by: Brent Smith at the Common Constitutionalist
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Let me state for the record that there should be no federal Corporate Average Fuel Economy (CAFE) standards. If States wish to regulate themselves to death, let them.
Despite my misgivings that these types of federal regulations are unconstitutional, if CAFE Standards are to become law, they should, at the very least, have to be passed by Congress, where all laws must originate.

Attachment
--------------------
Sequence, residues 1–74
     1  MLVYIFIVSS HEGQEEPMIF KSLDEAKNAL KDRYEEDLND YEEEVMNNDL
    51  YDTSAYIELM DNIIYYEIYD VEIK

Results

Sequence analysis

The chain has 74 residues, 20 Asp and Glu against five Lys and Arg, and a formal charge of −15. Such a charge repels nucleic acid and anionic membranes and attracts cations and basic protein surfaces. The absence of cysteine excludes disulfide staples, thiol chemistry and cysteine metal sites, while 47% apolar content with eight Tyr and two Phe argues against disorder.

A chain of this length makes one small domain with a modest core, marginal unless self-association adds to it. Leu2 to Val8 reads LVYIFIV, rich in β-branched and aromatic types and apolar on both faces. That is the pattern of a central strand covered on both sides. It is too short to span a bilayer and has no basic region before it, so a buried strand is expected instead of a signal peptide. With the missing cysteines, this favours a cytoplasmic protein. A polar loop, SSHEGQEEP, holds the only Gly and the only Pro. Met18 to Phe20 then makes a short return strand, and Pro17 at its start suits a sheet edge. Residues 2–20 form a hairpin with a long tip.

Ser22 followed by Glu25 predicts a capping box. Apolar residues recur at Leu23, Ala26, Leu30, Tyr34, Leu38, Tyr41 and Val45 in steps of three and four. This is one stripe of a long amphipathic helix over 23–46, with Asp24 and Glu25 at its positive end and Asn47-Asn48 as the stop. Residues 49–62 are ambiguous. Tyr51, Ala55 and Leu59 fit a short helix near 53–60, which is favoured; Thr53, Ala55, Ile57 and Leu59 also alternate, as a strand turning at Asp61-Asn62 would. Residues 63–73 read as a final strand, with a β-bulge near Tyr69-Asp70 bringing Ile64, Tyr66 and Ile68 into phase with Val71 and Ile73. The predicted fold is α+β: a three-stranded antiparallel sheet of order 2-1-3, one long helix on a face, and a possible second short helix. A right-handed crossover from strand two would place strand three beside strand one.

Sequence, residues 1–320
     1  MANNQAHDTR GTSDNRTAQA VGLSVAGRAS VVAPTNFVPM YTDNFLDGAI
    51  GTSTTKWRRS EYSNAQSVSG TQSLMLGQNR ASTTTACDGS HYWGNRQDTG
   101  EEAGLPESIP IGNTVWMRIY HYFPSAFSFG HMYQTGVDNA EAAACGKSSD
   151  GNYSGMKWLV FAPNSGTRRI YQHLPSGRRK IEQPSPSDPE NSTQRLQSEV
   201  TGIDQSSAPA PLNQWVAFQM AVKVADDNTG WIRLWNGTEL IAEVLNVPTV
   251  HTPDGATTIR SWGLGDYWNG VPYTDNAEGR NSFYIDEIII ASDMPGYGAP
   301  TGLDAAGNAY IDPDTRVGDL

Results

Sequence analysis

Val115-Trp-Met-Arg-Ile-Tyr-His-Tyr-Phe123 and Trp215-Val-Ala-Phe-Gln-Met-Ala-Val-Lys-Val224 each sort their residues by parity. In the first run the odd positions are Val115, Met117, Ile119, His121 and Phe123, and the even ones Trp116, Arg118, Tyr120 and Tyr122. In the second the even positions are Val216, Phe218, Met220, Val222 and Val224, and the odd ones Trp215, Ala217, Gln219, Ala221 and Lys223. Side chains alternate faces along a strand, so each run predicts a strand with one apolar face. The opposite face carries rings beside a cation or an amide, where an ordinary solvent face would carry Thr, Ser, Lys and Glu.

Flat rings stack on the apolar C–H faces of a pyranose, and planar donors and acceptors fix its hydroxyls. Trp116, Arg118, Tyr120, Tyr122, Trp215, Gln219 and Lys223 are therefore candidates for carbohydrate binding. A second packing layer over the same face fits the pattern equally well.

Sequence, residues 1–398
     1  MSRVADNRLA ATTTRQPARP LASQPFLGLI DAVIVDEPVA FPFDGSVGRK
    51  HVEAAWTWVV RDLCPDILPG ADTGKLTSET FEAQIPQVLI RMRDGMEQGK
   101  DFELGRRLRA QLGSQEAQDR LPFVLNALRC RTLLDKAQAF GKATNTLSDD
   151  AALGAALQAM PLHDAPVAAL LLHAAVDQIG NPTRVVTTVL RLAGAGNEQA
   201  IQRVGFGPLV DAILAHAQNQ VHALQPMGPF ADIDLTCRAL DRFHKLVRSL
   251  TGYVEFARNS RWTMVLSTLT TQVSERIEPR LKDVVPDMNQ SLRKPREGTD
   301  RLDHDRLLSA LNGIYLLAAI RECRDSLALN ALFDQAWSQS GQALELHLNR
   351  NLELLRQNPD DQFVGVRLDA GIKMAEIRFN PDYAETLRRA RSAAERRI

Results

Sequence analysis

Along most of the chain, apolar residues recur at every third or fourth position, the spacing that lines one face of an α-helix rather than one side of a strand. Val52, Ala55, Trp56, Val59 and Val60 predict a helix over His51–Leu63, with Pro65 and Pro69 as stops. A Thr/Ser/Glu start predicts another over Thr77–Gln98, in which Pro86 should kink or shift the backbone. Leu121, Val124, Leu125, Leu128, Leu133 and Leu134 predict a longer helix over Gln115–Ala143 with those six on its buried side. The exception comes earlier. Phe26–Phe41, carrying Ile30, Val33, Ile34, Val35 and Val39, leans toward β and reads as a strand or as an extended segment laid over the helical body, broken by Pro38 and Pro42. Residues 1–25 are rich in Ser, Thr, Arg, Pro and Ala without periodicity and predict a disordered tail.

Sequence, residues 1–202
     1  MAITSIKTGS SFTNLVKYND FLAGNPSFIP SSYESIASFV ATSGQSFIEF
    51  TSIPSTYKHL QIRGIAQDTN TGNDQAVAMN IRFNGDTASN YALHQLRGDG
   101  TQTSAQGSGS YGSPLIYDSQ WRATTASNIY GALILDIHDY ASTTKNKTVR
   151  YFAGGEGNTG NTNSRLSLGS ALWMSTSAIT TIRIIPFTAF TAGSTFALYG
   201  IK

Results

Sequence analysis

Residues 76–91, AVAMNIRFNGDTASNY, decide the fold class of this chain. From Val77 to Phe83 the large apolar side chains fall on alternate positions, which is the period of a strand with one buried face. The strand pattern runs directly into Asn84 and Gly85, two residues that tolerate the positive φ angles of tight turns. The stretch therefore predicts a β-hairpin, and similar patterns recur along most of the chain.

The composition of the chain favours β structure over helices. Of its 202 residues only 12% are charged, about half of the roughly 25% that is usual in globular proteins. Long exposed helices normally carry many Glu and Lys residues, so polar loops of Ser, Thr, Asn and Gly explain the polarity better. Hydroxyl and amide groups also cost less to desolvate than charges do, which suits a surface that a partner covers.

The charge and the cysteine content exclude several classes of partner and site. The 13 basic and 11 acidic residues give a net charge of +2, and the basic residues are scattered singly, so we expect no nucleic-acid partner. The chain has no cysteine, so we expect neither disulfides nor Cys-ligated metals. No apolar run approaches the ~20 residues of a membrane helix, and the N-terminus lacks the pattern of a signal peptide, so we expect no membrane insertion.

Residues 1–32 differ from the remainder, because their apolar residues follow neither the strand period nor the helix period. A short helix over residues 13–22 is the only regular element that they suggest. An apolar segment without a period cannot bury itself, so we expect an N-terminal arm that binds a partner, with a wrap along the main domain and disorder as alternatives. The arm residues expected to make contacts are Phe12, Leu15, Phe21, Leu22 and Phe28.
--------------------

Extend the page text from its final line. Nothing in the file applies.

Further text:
That being said, the last time Congress passed a law which included fuel efficiency standards was 2007 – more than a decade ago.
Congress first established CAFE standards in 1975. They set the average fuel economy of the new car fleet to 27.5 mpg by model year (MY) 1985. Then, under “conservative” George W. Bush, Congress passed and the president signed the Energy Independence and Security Act of 2007. Don’t you love the bogus names they give these egregious pieces of legislation?
Anyway, the new legislation raised the fuel economy standards of America’s cars, light trucks, and SUVs to a combined average of at least 35 miles per gallon by 2020—a 10 mpg increase over 2007 levels—and required standards to be met at maximum feasible levels through 2030.